Praise for Declan Burke: “Burke shows again that he’s not just a comic genius, but also a fine dramatic writer and storyteller.” – Booklist. “Proust meets Chandler over a pint of Guinness.” – Spectator. “Among the most memorable books of the year, of any genre.” – Sunday Times. “A hardboiled delight.” – Guardian. “Imagine Donald Westlake and Richard Stark collaborating on a screwball noir.” – Kirkus Reviews. “A cross between Raymond Chandler and Flann O’Brien.” – John Banville.

Friday, February 6, 2009

“Ya Wanna Do It Here Or Down The Station, Punk?”: L.C. Tyler

Yep, it’s rubber-hose time, folks: a rapid-fire Q&A for those shifty-looking usual suspects ...

What crime novel would you most like to have written?
OK, let’s establish some ground rules here, shall we? I write crime but I also write what gets described (for want of a better term) as “general comic fiction”. So my envy about other novels is fairly widespread and comprehensive. The novel I would most like to have written is THE SPY WHO CAME IN FROM THE COLD - not crime exactly, but there is a spine-tingling moment about ten pages in from the end, when you suddenly realise how comprehensively hoodwinked you have been - precisely what you try to achieve in a good detective story. If you want me to stick narrowly to crime, then I’d probably go for one of the classics from the Golden Age – THE MURDER OF ROGER ACKROYD, say. I also wish I had written THE GOOD THIEF’S GUIDE TO AMSTERDAM before Chris Ewan did. But, sadly, I didn’t.

What fictional character would you most like to have been?
Rabbit from Winnie the Pooh. There’s an on-line quiz you can do to establish which character from Winnie the Pooh you are. I was Rabbit. I know a number of other people who also did the quiz and proved to be Rabbit. We were all very happy with our choice; it’s the type of fictional character we are.

Who do you read for guilty pleasures?
At any given time I tend to have two metaphorical piles of books. One is the books I ought to be reading: crime novels I’ve been told I should read, books by people I know well and who’ve read my books, anything that might constitute “research” for a future novel. The other pile is everything else. Reading from one pile makes me feel slightly guiltier than reading from the other - but not much.

Most satisfying writing moment?
Typing “Chapter One” (or more usually, in my case, “Prologue”).

The best Irish crime novel is …?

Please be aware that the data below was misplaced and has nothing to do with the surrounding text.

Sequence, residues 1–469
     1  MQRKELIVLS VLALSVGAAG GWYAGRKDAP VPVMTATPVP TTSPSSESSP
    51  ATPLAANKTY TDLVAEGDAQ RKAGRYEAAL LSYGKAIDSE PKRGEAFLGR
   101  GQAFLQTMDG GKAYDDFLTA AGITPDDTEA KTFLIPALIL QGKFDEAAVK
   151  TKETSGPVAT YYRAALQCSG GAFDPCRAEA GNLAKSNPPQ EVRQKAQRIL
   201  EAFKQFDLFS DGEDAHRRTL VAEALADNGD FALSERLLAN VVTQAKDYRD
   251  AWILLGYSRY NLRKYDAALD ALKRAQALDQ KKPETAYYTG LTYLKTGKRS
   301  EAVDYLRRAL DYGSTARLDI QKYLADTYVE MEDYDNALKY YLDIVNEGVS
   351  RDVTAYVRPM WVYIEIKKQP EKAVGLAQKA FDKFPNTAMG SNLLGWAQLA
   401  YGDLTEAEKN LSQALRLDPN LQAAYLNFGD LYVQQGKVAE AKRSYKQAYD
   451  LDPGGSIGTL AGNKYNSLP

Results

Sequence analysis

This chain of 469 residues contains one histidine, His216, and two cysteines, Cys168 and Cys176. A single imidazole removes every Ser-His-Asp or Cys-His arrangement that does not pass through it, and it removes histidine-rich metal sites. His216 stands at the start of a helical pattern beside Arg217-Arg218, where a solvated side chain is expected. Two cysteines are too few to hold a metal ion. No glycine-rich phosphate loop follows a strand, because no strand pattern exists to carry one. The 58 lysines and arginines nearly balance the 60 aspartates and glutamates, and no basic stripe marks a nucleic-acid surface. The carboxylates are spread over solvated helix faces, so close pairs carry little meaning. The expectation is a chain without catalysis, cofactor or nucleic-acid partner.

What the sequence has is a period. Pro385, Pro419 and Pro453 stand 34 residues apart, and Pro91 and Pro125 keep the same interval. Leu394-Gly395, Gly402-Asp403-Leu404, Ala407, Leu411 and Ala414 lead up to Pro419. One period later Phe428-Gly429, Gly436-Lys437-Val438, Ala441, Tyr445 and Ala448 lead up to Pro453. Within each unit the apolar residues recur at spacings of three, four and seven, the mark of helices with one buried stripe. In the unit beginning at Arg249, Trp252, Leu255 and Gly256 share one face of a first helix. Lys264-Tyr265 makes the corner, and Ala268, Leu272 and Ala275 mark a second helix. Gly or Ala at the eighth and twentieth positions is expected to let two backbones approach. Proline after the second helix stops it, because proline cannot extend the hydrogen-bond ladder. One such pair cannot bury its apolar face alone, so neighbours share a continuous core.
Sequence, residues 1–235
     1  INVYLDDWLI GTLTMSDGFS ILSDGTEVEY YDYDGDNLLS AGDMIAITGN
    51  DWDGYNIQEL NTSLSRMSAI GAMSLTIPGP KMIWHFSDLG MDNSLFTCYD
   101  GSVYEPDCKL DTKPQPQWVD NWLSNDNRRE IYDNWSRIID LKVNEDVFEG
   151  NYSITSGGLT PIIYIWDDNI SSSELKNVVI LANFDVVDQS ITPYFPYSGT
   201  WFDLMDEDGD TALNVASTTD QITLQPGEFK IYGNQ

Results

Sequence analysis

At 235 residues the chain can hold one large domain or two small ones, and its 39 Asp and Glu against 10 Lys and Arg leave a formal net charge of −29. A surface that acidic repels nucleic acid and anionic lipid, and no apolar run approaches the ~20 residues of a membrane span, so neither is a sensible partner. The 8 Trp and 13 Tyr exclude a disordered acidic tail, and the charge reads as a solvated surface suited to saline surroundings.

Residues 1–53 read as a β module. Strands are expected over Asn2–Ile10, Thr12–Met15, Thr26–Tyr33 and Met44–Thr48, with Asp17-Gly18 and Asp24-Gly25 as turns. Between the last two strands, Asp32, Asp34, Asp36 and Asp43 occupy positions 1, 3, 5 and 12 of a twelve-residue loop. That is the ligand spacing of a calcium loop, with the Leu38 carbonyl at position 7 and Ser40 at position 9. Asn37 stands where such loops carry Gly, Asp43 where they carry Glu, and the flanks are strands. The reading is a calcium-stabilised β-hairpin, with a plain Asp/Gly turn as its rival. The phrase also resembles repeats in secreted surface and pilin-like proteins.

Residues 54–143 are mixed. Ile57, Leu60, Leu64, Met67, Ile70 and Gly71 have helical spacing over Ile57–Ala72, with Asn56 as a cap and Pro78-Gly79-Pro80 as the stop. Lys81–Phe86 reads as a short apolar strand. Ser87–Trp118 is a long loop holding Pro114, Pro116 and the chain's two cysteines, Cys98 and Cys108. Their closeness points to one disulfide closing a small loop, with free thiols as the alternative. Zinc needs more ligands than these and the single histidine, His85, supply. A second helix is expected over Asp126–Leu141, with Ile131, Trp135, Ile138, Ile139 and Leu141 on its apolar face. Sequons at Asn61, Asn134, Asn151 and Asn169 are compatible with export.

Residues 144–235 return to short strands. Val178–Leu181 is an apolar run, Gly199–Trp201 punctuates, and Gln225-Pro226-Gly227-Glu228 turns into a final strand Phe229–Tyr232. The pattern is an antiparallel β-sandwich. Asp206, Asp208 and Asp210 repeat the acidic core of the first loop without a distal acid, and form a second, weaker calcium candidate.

Other than your own, of course ... GALLOWS LANE by Brian McGilloway.

What Irish crime novel would make a great movie?
Logically the answer should be as above, and I’m sure it would make an excellent film or TV series. I’d also like to see one of Ruth Dudley Edward’s novels made into a film, though.

Worst / best thing about being a writer?
Most things about being a writer are pretty good, as you’ll know yourself. The best thing is the actual creative process - watching the book unfold in front of you is a bit magical. Also, as a writer of comic crime, it always comes as a pleasant surprise that something you wrote and found funny is something that other people have read and found funny. The worst? Possibly reviews that fail to convey the absolute sense of wonder and awe that you feel your book should command in any right-minded critic. (Yes, you really do get reviews like that occasionally. No, I couldn’t believe it either.)

The pitch for your next book is …?
My next book, after the paperback of THE HERRING SELLER’S APPRENTICE, is A VERY PERSISTENT ILLUSION (published in March), and the first thing I need to explain is that it isn’t crime. It’s black humour and it delves into the nature of reality, why people support Southend United and the importance of owning a classic sports car. But there is a mystery to solve and a point, about ten pages from the end, where hopefully you finally see what it was all about. For the one after that (TEN LITTLE HERRINGS - out in August) it’s back to a life of crime ...

Who are you reading right now?
It’s a book on the English Civil War from the non-guilt pile. At some stage soon I’d like to start writing a comic-historical-crime series set in the seventeenth century. There’s a real-life murder that I want to include, but I’m not going to be so foolish as to reveal which one at this stage. I’ve just finished DROWNED HOPES by Donald Westlake - a great writer sadly no longer with us.

God appears and says you can only write OR read. Which would it be?
This is clearly a bum deal either way. I’d be straight onto the internet to see if any other deity was offering better terms.

The three best words to describe your own writing are …?
“Perky” (Financial Times) “Classic” (The Scotsman) “Subversive” (The Bookseller)

L.C. Tyler’s
THE HERRING SELLER’S APPRENTICE is now available in paperback

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